How to spend less and have more fun on family holidays

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By Wendy Shand of

According to a recent survey, around a third of people going on holiday reckon they will spend more this year than last year (on average an extra £365). A collective tightening of the purses means that rising prices and – depending on where you’re travelling to – a lousy exchange rate can have a big impact on your spending. So, here are some top tips for stretching your money further when you’re on holiday.

1. Drinks and snacks
Shop for little treats like ice creams in the supermarket rather than the parlours, where they’ll be twice the price. ‘Tube’ yogurts also make great ice lollies if you keep a few in the freezer for when you’re hanging out at your villa.

2. Don’t ‘phone home’
Calls cost a fortune when you’re away but it’s free to receive a text in the EU. If you need to reply, ‘lrn 2 spk txt’. If you’ve got a laptop or internet access, you can go one better and use an ‘internet to phone’ calling system like Skype (provided the person you’re calling also has Skype of course!)

SAVVYWOMAN TIP: You can read all about the cost of phoning home from EU countries, as well as the price of downloading photos or emails in this article.

3. Parking
It’s easy to forget about how you’re actually going to get to the airport (I speak from experience!?) The earlier you book your airport parking, the more you’ll save; booking well in advance could cut the cost by up to 50%.

SAVVYWOMAN TIP: Go to the website of the airport you’re going to be flying from or try a site such as to compare airport parking costs.

4. Annual travel insurance
If you expect to take the family away for a couple of holidays per year, annual travel policies are almost always cheaper. Remember to take a copy of the policy with you and leave one at home with someone else, just in case.

5. Essential EHIC card
A must have for any foreign travel is the free European Health Insurance Card (EHIC). This entitles you to any necessary medical treatment, during a visit to another European Economic Area country (you and the children all need one each).

SAVVYWOMAN TIP: An EHIC card isn’t a replacement for travel insurance as it only covers some medical costs. Several travel insurers won’t impose an excess if you make a medical claim (for costs not covered) but have used your EHIC to get treatment free of charge.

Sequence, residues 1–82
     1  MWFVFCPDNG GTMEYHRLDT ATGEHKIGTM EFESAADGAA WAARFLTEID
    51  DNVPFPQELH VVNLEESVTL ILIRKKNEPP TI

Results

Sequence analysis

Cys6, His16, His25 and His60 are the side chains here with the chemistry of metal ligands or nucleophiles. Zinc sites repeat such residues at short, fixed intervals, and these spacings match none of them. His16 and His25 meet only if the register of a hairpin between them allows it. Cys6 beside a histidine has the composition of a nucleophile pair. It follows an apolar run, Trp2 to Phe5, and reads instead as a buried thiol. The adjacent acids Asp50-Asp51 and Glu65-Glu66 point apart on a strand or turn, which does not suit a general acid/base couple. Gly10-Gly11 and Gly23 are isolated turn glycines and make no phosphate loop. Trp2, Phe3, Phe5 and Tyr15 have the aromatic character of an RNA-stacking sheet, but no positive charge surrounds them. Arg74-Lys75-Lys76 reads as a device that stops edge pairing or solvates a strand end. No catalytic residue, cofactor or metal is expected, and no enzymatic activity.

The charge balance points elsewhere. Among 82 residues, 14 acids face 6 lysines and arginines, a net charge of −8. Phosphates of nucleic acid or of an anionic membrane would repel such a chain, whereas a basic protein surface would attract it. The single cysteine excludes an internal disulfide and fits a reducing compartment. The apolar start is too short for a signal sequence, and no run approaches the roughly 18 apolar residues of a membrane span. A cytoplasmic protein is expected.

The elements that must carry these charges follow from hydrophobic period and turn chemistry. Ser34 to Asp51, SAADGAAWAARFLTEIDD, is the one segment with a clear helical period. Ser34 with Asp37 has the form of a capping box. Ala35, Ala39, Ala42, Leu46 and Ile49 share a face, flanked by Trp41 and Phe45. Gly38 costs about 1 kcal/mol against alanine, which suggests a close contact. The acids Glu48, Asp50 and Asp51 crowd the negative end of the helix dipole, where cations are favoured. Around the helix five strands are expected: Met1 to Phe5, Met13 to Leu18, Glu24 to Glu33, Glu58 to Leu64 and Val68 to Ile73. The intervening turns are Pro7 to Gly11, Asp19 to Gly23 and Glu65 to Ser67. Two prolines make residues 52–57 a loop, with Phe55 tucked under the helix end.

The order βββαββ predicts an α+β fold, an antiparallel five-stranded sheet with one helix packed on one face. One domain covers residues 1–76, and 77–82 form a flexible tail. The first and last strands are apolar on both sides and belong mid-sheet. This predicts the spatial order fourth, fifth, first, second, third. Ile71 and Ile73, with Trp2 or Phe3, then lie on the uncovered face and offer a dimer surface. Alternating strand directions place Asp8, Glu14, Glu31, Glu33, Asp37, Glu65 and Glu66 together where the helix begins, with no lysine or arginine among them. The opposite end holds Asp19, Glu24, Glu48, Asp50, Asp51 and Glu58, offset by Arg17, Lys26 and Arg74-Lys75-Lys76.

6. Go local for car hire
If you’re heading to an English speaking country, or are fluent in the lingo, Google the country’s car hire sites as they may be cheaper. It will usually be priced in Euros though, so double check the exchange rate to be sure of the exact cost.

SAVVYWOMAN TIP: Don’t get stung by sneaky car hire charges. There’s a guide to Getting a good deal on car hire elsewhere in this section.

7. Words and pictures
Download and print out colouring pictures from children’s websites, such as CBeebies, rather than buying colouring books. You could also take a trip to the library the week before you go for everyone to choose their favourite bedtime reads — the return date won’t usually be until well after you get back.

8. Cheap tickets
Look out for discounts at family attractions in the area during term time. Once the older children return to school, they’re keen to attract younger families to make up the numbers.

9. Take a picnic!
It saves you money and the little people can get back to playing much more quickly! They can help you choose the contents (a shopping list with pictures works a treat in our house), carry some in a backpack and may even eat more — a winner all round!

10. Weigh your luggage
It’s far better to know before you leave home than be faced with steep charges when you check in – and let’s face it, how much time are you really going to have for reading that stockpile of books with the tiny tearaways to contend with?!

Useful info
Totstotravel specialises in family friendly holidays. All properties are vetted to make sure they are family friendly, before they are listed.

Related articles:

If you’re taking your car on holiday, make sure it’s insured

If you fancy saving money, is a house swap worth considering?

How to choose a travel insurance policy

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